“It’s clear that [Roskam’s] voters wanted a conservative representative who was focused on cutting their taxes — and that’s exactly what Roskam did,” Maddie Anderson, a spokeswoman for the National Republican Congressional Committee, said in an email.

“I’m a little confused by the notion that following through on what voters asked for would lead to being voted out of office,” she added.

Seven Democrats have filed the requisite signatures to run in the primary, including 2016 nominee Amanda Howland, who lost to Roskam by 18 points.

But the DCCC is not in a position to back any of the other candidates because members of the Illinois delegation are split.

Many national Democrats see Kelly Mazeski, a former financial adviser and local elected official, as the front-runner. The breast cancer survivor announced her candidacy the day the House voted to repeal the 2010 health care law, which earned her national attention. She raised $163,000 in the fourth quarter of 2017 and loaned herself another $100,000. She ended December with $510,000 in the bank.

In addition to support from EMILY’s List, she has endorsements from Illinois Reps. Jan Schakowsky and Cheri Bustos and several of Bustos’ closest female allies in Congress, who have been politically active across the country.

But some members of the delegation prefer lawyer Carole Cheney, a former district chief of staff to Rep. Bill Foster. She has the backing of Foster and Rep. Robin Kelly. She had $90,000 at the end of the third quarter.

Clean energy entrepreneur Sean Casten raised $335,000 in the fourth quarter, including $250,000 of his own money. One national Democrat described the primary as a race between Mazeski and Casten, both of whom he thinks would be strong general election candidates.

But Howland’s team thinks she has the connections to take advantage of an energized electorate since she’s run before without national backing.

Russell, the former DCCC political director, is working with Mazeski. He acknowledged that Howland probably started as the front-runner — she led seven candidates with 46 percent of the vote in her own campaign’s poll from last August.

But he’s less worried about Howland as a primary threat now since she hasn’t amassed the resources to communicate in such an expensive media market. She had $50,000 at the end of September. End of the year fundraising reports are due to the FEC at the end of January.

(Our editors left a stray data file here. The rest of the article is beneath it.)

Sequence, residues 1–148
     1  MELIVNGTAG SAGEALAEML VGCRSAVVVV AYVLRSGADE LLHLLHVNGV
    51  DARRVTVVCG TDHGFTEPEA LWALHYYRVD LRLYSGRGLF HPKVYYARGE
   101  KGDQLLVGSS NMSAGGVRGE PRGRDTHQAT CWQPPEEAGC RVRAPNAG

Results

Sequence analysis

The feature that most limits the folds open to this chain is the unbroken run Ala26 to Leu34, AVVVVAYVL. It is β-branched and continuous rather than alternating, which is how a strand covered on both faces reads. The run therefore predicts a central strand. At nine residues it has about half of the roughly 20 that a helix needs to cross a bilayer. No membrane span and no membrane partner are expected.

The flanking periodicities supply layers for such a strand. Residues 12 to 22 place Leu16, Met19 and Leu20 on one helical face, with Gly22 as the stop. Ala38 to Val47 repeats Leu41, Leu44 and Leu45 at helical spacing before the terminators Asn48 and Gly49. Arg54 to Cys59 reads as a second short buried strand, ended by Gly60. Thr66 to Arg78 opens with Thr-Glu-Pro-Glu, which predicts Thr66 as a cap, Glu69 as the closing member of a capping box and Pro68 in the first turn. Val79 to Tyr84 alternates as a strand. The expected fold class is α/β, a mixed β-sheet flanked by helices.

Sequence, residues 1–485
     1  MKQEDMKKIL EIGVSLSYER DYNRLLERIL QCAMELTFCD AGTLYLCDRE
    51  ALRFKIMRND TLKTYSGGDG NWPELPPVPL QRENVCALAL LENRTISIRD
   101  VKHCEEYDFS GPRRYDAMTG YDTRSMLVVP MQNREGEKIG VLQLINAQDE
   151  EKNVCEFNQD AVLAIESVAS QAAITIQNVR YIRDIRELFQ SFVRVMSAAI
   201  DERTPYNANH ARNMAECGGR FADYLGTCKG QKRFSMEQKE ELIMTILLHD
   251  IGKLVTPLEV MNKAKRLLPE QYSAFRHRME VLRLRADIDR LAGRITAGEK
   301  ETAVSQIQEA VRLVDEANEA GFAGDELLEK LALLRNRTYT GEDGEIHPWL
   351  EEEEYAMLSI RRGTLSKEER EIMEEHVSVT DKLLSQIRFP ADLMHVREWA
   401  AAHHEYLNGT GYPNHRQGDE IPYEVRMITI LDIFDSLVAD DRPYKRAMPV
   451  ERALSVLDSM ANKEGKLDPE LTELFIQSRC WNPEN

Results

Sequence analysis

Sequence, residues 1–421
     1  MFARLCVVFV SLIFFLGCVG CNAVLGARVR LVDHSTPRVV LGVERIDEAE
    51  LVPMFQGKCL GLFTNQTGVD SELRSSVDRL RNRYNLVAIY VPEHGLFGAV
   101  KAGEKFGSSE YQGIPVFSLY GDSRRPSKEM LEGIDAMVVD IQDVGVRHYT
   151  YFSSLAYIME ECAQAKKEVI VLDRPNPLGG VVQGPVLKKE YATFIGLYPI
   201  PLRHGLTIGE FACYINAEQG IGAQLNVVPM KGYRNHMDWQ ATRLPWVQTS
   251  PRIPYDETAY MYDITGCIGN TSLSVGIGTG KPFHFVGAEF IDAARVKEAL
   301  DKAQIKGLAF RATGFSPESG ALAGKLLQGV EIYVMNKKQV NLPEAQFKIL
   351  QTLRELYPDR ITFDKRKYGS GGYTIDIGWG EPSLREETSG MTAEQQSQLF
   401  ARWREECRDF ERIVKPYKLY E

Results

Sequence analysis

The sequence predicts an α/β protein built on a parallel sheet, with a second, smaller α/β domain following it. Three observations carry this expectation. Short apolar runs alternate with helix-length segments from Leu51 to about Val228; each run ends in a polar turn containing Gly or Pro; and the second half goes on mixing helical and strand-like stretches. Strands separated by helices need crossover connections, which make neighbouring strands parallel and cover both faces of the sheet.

Having the backing of national Democratic leaders, though, doesn’t always guarantee electoral success. When Tammy Duckworth, now the state’s junior senator, first ran for Congress in 2006, she had money and the backing of EMILY’s List, then-DCCC chairman Rahm Emanuel and then-Sen. Barack Obama.

She defeated the 2004 nominee, who had strong local support, 44 percent to 40 percent in the primary. But despite outraising Roskam, Duckworth lost in the general by about 5,000 votes.

The 12th District, held by two-term GOP Rep. Mike Bost, is the only pickup opportunity in which the DCCC is showing their cards.

The committee courted St. Clair County State’s Attorney Brendan Kelly for years. This cycle, he finally said yes and quickly earned a spot on the committee’s Red to Blue list.

Democrats failed to land a candidate in this downstate district in 2016. “Oh god, it was awful,” Russell recalled. “We went through four or five candidates in the 12th. There was a lot of skepticism about the viability of the seat.”

Kelly’s campaign launch in July prompted Inside Elections to move the race rating from Solid Republican to Likely Republican. It’s currently rated Leans Republican.

On paper, the 12th District is trending away from Democrats. Former President Barack Obama carried it by double digits in 2008 but by less than 2 points in 2012. Trump won it by 15 points in 2016.

But Duckworth carried the seat in her 2016 Senate victory, and Democrats are optimistic that Kelly, who they see as a moderate, can compete in the general election.

“I just hope the demographics don’t overcome good candidate quality,” Russell said.

The 13th District was another recruiting miss for Democrats last cycle.

The cycle before that, in 2014, GOP Rep. Rodney Davis defeated a supposed top-tier recruit who had received DCCC support in the primary.

Obama carried the district by double digits in 2008, and lost it narrowly four years later. But in 2016, the 13th swung to Trump, who carried it by about 6 points. Davis won a third term by 19 points. This year’s race is rated Likely Republican.

As in the 6th District, there’s a Democrat running who’s won the primary before — David Gill, who beat the DCCC’s recruit in 2012. Since then, though, he’s alienated many in the local and national party establishment. He had $4,000 at the end of the third quarter.

Betsy Dirksen Londrigan has the backing of EMILY’s List, Schakowsky and Senate Minority Whip Richard J. Durbin, for whom she used to be a fundraiser. Londrigan ended the third quarter with $129,000. Erik Jones could also be competitive here; he ended the third quarter with $195,000.